Last week we learned that the Warner Bros. Discovery-owned AT&T SportsNets will shut down by the end of March 2023. MLB, NBA, and NHL teams have until the end of the month to take back their rights and find a new partner or stream online.
Comcast already is in three of the affected markets and owns its own NBC Sports RSNs, but according to a report from Sports Business Journal, it has informed the NBA, MLB, and NHL that it has no interest in expanding its RSNs to replace AT&T SportsNets.
NBA, NHL, and MLB have all said they plan to stream games in-market if RSNs are unable to do so. Warner Bros. Discovery has told the leagues they can keep the broadcasting equipment from AT&T Sports nets to help make the transition smooth.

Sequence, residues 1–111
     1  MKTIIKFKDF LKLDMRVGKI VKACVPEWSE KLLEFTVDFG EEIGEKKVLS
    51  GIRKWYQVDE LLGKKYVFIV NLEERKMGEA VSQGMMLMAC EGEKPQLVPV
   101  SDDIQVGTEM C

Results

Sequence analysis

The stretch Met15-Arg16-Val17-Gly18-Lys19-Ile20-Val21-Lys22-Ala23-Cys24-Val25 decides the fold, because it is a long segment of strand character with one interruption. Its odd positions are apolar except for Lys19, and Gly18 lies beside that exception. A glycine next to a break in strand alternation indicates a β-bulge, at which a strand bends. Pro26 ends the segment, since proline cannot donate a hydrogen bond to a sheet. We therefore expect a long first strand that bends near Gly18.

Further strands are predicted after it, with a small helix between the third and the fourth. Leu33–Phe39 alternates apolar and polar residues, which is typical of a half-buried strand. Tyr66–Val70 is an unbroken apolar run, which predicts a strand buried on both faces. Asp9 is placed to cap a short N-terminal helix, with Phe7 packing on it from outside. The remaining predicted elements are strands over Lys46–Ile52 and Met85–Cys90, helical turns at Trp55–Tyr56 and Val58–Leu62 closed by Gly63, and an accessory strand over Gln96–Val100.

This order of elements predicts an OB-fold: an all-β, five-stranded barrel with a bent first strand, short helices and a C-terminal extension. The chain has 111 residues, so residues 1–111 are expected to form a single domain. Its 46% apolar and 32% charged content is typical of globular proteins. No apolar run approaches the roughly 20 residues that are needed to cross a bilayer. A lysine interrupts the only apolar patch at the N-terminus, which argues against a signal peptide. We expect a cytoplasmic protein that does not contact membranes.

The problem is the leagues don’t want just to stream the games online but are hoping to find a new broadcast partner. The hope is to keep the cash coming from a new deal with some type of broadcast TV partner. With Comcast already being in three major markets affected by this outage, they seemed like the perfect partner. Now though Comcast has made it clear they are not interested in expanding their RSNs.
The Regional Sports Model was, for a long time, extremely profitable. Fox, Comcast, and others could force these expensive channels into base packages that everyone paid for now though many streaming services and even traditional TV networks like DISH have dropped them.
The problem for RSNs now is that they have expensive contracts, but the number of people paying for the channels has dropped significantly. Even Sinclair’s new $ 20-a-month direct-to-consumer streaming service for in-market games was not enough to offset the losses it was seeing.
This leaves MLB, NBA, and NHL in a tough spot. For years they have relied on very profitable TV deals from RSNs. Now they will need to find a new way to replace the billions these sports leagues will lose if RSNs go under.